NFL Addiction: Step 5, Confession

Nike, Goddess of Victory

Nike, Goddess of Victory

I ran into a friend, a Redskins fan, the other day while food shopping. He asked me about the Eagles-Jets game. When I told him I hadn’t watched it, he was shocked. He knew my devotion. “You’re not giving up on them already?” he asked with a hint of malice. “They’re only a few games back.” What my Redskins-loving friend didn’t know was that I have been trying to “give up on them” for weeks, and failing (Read about it here). It was true that I didn’t watch the game, but I listened to it on the radio while driving through Long Island . Then I listened to the lengthy recap which tracked every possession. And here I was days later, still turning the game over in my mind, while mindlessly throwing orange cauliflower and anchovies into my basket. I was in turmoil.

In my 12-step program designed to quit the corrosive habit of the Philadelphia Eagles, I had come to a moment of contemplation and confession. I had “to admit to God, to myself, and to another person the exact nature of my wrongs.” After talking to this Redskins fellow, I thought he might be on to something. He might have revealed the exact nature of my wrongs. Perhaps, I thought, I am a fair-weather fan — a fair weather fan with a foul attitude. I only support my team when it is winning. Even then I rain insults upon it; I invest it with all sorts of insecurities and failings; I demand perfection; and I find fault everywhere. I didn’t watch the Eagles game on Sunday, partly because I thought they should win. If they did win, it wouldn’t be very satisfying. If they didn’t, it would be pathetic.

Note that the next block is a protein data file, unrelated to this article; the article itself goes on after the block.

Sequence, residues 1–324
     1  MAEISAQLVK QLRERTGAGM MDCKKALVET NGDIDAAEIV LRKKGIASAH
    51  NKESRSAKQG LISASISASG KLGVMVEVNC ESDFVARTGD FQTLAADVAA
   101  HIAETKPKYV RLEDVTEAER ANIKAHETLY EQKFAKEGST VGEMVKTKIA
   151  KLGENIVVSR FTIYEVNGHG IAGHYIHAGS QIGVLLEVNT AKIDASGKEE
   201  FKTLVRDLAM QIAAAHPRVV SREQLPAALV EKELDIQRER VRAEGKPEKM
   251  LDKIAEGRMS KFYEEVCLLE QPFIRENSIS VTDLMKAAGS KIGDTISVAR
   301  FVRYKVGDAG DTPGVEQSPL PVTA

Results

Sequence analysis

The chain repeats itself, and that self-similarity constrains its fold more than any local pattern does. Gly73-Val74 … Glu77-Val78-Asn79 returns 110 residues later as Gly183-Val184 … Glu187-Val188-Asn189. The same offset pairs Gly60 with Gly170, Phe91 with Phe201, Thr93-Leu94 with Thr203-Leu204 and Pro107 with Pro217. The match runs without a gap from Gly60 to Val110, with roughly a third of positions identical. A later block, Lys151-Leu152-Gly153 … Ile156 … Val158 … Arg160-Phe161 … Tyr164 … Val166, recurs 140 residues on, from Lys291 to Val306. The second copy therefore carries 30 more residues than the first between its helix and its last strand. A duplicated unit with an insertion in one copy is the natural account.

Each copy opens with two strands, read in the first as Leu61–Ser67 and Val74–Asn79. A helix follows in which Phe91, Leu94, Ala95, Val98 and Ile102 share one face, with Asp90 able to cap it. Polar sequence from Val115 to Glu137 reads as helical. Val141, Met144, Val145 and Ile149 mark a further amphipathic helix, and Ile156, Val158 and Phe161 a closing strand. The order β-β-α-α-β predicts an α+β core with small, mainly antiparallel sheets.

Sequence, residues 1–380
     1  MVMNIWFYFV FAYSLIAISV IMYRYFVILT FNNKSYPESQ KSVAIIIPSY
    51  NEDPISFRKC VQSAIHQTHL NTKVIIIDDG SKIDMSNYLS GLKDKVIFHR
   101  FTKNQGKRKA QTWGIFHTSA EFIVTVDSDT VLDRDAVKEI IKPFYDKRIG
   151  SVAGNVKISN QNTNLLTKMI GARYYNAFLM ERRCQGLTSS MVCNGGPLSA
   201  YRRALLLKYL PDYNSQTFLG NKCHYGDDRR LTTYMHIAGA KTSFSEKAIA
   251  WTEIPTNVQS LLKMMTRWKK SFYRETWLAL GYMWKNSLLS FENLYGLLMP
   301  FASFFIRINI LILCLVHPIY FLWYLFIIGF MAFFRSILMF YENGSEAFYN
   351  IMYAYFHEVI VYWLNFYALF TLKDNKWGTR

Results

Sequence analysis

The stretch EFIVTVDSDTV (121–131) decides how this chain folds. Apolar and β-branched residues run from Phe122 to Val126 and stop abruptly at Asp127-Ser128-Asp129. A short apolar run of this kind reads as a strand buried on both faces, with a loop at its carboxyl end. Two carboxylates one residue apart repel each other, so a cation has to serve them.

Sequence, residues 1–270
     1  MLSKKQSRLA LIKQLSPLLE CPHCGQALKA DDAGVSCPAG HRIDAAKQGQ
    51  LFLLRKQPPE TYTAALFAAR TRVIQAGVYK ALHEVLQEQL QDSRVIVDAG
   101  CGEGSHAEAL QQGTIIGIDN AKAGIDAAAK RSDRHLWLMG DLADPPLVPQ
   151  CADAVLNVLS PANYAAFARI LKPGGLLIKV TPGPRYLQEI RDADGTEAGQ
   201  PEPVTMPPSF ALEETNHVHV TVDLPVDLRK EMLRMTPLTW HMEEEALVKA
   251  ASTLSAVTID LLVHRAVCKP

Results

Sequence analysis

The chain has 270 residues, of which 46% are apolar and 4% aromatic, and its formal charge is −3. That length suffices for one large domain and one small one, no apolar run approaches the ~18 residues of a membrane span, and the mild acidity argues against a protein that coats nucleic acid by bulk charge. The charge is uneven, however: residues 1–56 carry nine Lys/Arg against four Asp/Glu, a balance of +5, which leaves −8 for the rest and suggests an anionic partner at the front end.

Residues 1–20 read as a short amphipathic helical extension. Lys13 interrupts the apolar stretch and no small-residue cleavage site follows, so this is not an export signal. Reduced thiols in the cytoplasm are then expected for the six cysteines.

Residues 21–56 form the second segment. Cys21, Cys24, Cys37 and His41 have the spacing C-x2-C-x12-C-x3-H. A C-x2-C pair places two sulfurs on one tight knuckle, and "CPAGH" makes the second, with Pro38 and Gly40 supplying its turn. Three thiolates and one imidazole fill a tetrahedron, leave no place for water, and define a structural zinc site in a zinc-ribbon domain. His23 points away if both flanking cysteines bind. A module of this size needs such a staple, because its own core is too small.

When they did actually win, I was slightly disappointed. How did they score only one touchdown? Brian Westbrook rushed for 120 yards and had 36 more in the air. Kevin Curtis had five catches for 121 yards. The Eagles threatened the Jets end zone six times, but they only came away with 16 points. They almost lost! If not for some great plays by cornerback Sheldon Brown, they might have dominated the game and choked. It was not exactly an impressive display of offensive efficiency. Some win.

I could go on and on, but I must admit to God, to myself, and to another person (I’ve nominated you, dear reader, as my sponsor) that I have let my foul-tempered fair-weather fandom take over my life. Why is it that I don’t have a real job, that I’m not married, and that my friends seem to disappear in the fall? Is it because the Eagles aren’t good enough? Do I demand too much from this team in order to abandon it at the slightest hint that it won’t produce? Does this let me off the hook when it comes to things like reality? Do I love to lose?

No, actually. My problem isn’t simply that I heap negativity on my team and let it suck away all my emotional energy – energy that would be better spent fostering a happy and healthy social life. My problem is that I love my team even when they lose.

I believe.

I believe the Eagles can, should, and will win. Every game. Everything else is just an elaborate ruse to deflect the pain of unrealistic expectations. Perhaps I am putting life on hold because I know the day will come when the Eagles win the Super Bowl, when we parade down Broad Street, when the world turns to sweet candy, when Brotherly Love finally reigns in Philadelphia. I admit it, God. I admit it, me. I admit it, reader. I believe too much. Please help.

Click here to read about step 6: reunion.

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